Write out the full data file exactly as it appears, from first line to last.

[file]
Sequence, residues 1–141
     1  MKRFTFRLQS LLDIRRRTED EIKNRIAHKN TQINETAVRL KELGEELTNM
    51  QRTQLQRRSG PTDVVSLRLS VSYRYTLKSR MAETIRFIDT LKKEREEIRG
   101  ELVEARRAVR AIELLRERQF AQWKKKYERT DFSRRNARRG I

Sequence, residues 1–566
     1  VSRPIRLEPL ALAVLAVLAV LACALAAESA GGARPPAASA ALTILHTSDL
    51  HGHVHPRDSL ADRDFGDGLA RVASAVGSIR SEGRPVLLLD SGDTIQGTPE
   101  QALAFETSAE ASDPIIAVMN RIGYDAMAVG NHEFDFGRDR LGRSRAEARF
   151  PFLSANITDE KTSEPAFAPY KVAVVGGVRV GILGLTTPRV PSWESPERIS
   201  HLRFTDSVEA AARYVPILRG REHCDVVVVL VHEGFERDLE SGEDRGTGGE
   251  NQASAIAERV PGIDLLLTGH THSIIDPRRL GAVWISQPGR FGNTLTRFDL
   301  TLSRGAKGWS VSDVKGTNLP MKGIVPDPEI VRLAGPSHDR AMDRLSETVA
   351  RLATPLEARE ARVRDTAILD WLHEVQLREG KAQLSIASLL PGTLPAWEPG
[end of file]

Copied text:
Sequence, residues 1–141
     1  MKRFTFRLQS LLDIRRRTED EIKNRIAHKN TQINETAVRL KELGEELTNM
    51  QRTQLQRRSG PTDVVSLRLS VSYRYTLKSR MAETIRFIDT LKKEREEIRG
   101  ELVEARRAVR AIELLRERQF AQWKKKYERT DFSRRNARRG I

Sequence, residues 1–566
     1  VSRPIRLEPL ALAVLAVLAV LACALAAESA GGARPPAASA ALTILHTSDL
    51  HGHVHPRDSL ADRDFGDGLA RVASAVGSIR SEGRPVLLLD SGDTIQGTPE
   101  QALAFETSAE ASDPIIAVMN RIGYDAMAVG NHEFDFGRDR LGRSRAEARF
   151  PFLSANITDE KTSEPAFAPY KVAVVGGVRV GILGLTTPRV PSWESPERIS
   201  HLRFTDSVEA AARYVPILRG REHCDVVVVL VHEGFERDLE SGEDRGTGGE
   251  NQASAIAERV PGIDLLLTGH THSIIDPRRL GAVWISQPGR FGNTLTRFDL
   301  TLSRGAKGWS VSDVKGTNLP MKGIVPDPEI VRLAGPSHDR AMDRLSETVA
   351  RLATPLEARE ARVRDTAILD WLHEVQLREG KAQLSIASLL PGTLPAWEPG